What is art about? More precisely, what are my paintings about? I have struggled with this question ever since I started to paint. Having copied famous artists’ work, made many still life and figure studies, and having painted for the simple sensual thrill of presenting beauty or ugliness, I am left with the certainty that art is much broader and deeper than these technical accomplishments. For me, art is incomplete if it does not transcend simple depiction of life, and enter the realms of the historian and the social commentator.
The intricate involvement with life, the sub-textual social criticism — unpolluted by overbearing propaganda — that is evident in the works by artists such as Matthias Grünewald, Albrecht Dürer, Francisco Goya, Max Beckmann and Käthe Kollwitz has begun to teach me how to connect myself, as an artist, to the world; and, most importantly, how to perform my duty to the society as an artist, to reflect the world through the expression of my feelings.
Growing up in communist China, I lived through the hardship and capriciousness of dictatorship. At the same time, I witnessed the way that for those who closed their eyes to the inhumanity of totalitarian rule, daily life was not always so grim: such people still worked hard, made merry, found time and occasion to smile and laugh. People can adjust to just about anything, finding comfort even in the predictable order of totalitarian society.
I thought that my escape from China would put such bitter truths behind me. But the closer I look at the society I live in now, especially in this era of wholesale assault on freedoms that Americans have come to take for granted, the more troubled I feel. It doesn’t trouble me so much to know that people in power covet and plot for more wealth and control: that is to be expected. It doesn’t trouble me to realize that people in power seek to brainwash the populace to sate themselves on shallow pleasure and hollow profit — one can hardly think of a more efficient way to dominate the populace than by conditioning them to cease thinking. What does trouble me is that there are so many who prove willing to trample the lives of others to gain money, power, sex, or products they crave. What troubles me is people’s readiness to barter priceless liberty for the illusion of safety. What troubles me is willingness to believe craven lies and to grant people in power carte blanche, in exchange for the empty “sacrament” of super-sized consumption. I was baffled when I attempted to understand how Hitler could gain control of a nation of highly educated people, until I witnessed the rise of Pat Buchanan and the anointment of George W. Bush. I am troubled, saddened and angered. I am angry that our great nation is forsaking the foundation of our democracy. I am angry at the citizens of the most powerful country on the planet, for carelessly allowing our leaders to exert our indomitable might without taking upon ourselves the responsibilities that are morally intrinsic to the exercise of force. I feel a doomsday coming.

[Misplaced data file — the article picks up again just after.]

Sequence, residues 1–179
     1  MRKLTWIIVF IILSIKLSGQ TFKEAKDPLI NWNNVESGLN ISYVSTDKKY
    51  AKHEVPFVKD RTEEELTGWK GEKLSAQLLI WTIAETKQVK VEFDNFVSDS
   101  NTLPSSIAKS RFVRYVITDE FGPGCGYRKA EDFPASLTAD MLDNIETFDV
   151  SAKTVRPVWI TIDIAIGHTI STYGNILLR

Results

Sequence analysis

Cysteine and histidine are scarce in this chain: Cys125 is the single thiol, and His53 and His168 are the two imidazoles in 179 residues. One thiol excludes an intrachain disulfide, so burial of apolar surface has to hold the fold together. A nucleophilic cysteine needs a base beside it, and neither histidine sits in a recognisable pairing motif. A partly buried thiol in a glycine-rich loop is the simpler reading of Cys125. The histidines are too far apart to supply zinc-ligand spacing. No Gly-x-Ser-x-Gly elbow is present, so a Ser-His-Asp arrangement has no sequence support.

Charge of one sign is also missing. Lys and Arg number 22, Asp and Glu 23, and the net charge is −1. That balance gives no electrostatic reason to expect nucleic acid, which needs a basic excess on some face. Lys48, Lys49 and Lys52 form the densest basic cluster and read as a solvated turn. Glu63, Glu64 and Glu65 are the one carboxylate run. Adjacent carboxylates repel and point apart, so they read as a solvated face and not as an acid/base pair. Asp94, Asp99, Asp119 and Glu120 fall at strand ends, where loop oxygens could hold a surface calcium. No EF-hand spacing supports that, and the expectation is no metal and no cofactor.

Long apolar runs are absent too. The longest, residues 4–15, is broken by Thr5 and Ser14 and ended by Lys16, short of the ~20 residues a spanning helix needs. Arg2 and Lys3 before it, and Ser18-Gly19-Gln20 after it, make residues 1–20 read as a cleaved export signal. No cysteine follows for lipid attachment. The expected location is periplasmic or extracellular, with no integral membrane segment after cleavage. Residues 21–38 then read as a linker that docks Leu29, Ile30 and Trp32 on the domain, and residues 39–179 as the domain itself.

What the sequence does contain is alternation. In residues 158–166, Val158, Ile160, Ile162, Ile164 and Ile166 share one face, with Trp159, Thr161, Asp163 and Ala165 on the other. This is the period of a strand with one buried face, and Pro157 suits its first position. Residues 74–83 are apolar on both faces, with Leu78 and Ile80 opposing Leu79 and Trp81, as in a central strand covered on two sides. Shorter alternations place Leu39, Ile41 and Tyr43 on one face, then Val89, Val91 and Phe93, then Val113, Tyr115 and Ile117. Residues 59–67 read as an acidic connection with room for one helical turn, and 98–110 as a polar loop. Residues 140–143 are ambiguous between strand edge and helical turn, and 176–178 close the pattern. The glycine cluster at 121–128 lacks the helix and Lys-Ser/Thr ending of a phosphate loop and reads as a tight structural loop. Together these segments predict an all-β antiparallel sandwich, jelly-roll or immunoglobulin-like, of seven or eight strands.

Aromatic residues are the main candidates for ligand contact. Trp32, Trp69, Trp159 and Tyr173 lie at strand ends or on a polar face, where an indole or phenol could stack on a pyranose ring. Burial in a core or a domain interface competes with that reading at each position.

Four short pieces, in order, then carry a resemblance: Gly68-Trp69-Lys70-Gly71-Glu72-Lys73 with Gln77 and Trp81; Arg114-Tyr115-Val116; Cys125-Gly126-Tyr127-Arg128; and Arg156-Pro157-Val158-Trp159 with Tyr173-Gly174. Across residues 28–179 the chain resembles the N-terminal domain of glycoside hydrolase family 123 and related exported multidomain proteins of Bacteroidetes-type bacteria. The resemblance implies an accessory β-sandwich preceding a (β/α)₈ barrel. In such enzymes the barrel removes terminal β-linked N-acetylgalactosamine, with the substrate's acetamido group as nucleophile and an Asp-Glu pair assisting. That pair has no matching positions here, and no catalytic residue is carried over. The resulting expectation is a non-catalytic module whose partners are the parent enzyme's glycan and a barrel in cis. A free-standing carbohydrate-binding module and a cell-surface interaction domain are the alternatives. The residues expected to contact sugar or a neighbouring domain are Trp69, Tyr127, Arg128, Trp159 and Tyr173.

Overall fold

As a society, I wonder whether we have lost track of the human spirit. We live in a privileged time and place, with abundant materials to consume. We are blessed with scientific understanding of the physical universe and we have been able to plant our national flag in the virgin soil of the moon. But have we built the world we ought to live in? As an artist and a human being I have serious doubts. Can we truly be meant to be the masters of the earth, if reckless consumption, pollution, and mass extinction are the result of our mastery? Will we destroy our own civilizations through irresponsible selfishness? Will our extinction follow those of whales, tigers, foxes and dragonflies?
My heart aches when I think of the future. But at the same time I have hope. The struggles of individuals continue to inspire. The memory of Spring 1989, in Tiananmen Square with my fellow students, gives me hope. The enormous protests in San Francisco, Paris, London, Milan, and Madrid during the dark winter of 2003, against George W. Bush’s cynically manipulated, ideology-, dominance- and profit-driven, faith-based war on Iraq, promise me a new spring.
So much emotion: fear, anger, foreboding, despair, and also hope all tangled up together.
I have created my Apocalypse Series of paintings to commemorate human suffering and struggle, as my much revered Albrecht Dürer did during the raging Peasant Revolt, a mere five centuries ago.